Former FDA Chief Gottlieb: 'This Is Possibly Going to Peak in the Next 2 or 3 Weeks'

By Susan Jones | July 13, 2020 | 6:21am EDT
Healthcare workers move a patient in a Houston, Texas Covid-19 Unit on July 2, 2020. (Photo by MARK FELIX/AFP via Getty Images)
Healthcare workers move a patient in a Houston, Texas Covid-19 Unit on July 2, 2020. (Photo by MARK FELIX/AFP via Getty Images)

(CNSNews.com) - Dr. Scott Gottlieb, who served as FDA commissioner for the first two years of the Trump administration, said on Sunday he thinks the coronavirus situation is "going to get worse before (it) gets better."

"There's some private modeling floating around that shows that this is possibly going to peak in the next two or three weeks," Gottlieb told CBS's "Face the Nation."

You see Google mobility data and open table reservations starting to decline in these southern states where these dense epidemics are happening, which is an indication that consumers are pulling back. And that's going to create somewhat of a backstop.

But I think what you're likely to see in the south, which is different than New York -- New York really followed the pattern of Italy, where it was a sharp up, a huge epidemic, but it came down rapidly.

I think in the south you're likely to see an extended plateau. We really don't have a national approach here. What we have is state approaches that are creating regional effects. And so those regional effects are different.

The New York experience mirrored Italy. I think the southern experience is more likely to mirror Brazil, where you're likely to see more of an extended plateau once we reach that apex. And you could reach the apex in the next two or three weeks.

Gottlieb said the COVID-19 flare-ups have been a "regional experience" in this country because some states opened "too early, in my view, and people became complacent, especially younger people. They were going out and not taking precautions. Older people were taking precautions. They were protecting the nursing homes and the vulnerable.

But, inevitably, what happens is that the younger people go out and get infected because they're not taking those precautions. It's going to get back into a more vulnerable population. And that's what we're seeing right now. You're seeing rises cases in nursing home. Positivity in these states is actually declining in the younger population, but rising in the older population. And if you want sort of a proxy for that experience, you look at Iran.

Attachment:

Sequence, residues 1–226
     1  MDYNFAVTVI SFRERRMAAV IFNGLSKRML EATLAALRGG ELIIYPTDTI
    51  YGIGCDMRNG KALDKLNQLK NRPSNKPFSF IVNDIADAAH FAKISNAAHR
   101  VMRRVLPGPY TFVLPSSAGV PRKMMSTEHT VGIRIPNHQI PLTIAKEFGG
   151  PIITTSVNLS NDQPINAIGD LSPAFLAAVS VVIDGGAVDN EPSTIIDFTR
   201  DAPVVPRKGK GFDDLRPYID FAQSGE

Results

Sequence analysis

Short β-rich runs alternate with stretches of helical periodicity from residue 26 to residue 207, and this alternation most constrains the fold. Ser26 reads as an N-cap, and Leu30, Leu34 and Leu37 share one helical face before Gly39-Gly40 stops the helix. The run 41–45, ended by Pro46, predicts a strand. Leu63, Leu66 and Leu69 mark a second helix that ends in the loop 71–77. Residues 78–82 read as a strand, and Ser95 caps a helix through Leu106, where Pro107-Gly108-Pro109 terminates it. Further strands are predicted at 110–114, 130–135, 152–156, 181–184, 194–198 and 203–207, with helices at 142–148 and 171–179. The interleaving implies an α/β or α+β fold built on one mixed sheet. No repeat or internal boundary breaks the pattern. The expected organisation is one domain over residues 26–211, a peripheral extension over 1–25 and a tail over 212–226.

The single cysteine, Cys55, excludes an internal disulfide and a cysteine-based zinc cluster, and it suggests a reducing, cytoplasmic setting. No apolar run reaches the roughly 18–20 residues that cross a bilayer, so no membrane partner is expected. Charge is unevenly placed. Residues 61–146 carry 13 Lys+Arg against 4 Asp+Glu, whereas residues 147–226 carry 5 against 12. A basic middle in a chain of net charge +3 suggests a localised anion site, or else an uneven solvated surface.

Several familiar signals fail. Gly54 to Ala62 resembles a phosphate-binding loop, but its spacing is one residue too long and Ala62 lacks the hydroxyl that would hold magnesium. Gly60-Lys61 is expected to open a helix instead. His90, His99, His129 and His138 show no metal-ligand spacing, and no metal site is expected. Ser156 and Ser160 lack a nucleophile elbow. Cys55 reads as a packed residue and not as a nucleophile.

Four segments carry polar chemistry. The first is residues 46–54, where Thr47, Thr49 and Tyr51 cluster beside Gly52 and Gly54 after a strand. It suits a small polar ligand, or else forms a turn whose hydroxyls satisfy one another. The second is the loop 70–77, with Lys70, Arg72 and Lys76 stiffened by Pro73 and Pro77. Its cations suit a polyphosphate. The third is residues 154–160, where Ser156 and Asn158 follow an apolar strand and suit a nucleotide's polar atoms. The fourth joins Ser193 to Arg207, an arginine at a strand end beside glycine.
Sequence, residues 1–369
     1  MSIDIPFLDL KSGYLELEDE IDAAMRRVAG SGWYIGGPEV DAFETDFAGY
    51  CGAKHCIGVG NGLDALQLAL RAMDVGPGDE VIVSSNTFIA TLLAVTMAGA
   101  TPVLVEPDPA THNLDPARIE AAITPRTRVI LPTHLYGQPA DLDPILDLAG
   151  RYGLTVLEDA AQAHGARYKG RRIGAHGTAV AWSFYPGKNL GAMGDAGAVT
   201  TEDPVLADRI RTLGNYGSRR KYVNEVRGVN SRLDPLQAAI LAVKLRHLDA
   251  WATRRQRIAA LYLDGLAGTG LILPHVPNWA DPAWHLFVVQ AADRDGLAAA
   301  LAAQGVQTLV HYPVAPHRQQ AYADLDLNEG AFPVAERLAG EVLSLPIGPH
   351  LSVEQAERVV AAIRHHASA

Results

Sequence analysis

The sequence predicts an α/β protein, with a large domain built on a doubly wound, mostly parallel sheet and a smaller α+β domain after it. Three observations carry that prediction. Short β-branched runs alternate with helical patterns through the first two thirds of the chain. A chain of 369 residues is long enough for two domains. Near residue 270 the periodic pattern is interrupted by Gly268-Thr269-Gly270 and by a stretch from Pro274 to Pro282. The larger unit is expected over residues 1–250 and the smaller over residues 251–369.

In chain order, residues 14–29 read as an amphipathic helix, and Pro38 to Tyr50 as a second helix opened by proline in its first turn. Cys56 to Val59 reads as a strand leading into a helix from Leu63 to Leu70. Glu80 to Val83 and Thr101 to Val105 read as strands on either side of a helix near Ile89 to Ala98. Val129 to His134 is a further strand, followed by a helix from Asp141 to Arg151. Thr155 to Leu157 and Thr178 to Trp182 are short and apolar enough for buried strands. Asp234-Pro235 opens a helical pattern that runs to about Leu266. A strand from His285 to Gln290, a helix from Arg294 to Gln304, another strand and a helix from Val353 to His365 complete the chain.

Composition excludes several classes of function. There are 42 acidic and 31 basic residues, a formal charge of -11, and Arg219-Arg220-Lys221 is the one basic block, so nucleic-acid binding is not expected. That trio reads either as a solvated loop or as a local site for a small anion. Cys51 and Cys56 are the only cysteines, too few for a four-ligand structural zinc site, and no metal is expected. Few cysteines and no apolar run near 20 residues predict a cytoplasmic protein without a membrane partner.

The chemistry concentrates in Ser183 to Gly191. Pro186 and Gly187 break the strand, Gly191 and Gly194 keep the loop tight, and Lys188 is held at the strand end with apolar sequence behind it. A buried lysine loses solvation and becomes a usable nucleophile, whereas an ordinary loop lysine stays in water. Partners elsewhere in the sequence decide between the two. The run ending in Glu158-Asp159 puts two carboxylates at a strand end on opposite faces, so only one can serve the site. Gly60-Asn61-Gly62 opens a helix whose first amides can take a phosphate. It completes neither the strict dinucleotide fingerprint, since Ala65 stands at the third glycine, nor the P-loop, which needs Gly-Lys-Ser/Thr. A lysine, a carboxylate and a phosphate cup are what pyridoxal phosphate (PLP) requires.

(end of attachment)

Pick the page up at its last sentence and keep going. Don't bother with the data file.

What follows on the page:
Iran had a major epidemic. It came way down. They had a second peak. It was mostly in younger people. They said, don't worry, it's younger people, so we're not going to see the same level of deaths. But, eventually, the infection seeped into an older population.

That's what's happening now. You're starting to see more outbreaks in nursing homes. So, tragically, we're going to see deaths start to rise. And that's why I said two to three weeks until you see deaths get back above 1,000.

Host Margaret Brennan asked Gottlieb if "offices and schools should be changing their filtration systems," given the aerosol spread of the virus.

"I think this is something they should look at," Gottlieb said.

This could be spread primarily through droplet transmission. But in certain settings that are very conducive to respiratory spread, you get something that approximates airborne transmission. And what -- what are those conditions? It's enclosed spaces, spaces with recirculated air, air conditioned spaces where it's cooler and it's more conducive to spread.

So in optical conditions indoors, you might get the kind of spread patterns that approximate airborne transmission. And in those settings, we should be thinking about trying to improve conditions, putting in HEPA filters, putting in UV light in the air conditioning systems. I think these are things you should be looking at.

And, in fact, many businesses are doing that. They are looking at retrofitting, you know, air conditioning systems. It's -- it -- in some cases it's not very expensive to do that. In other cases it might be more expensive.

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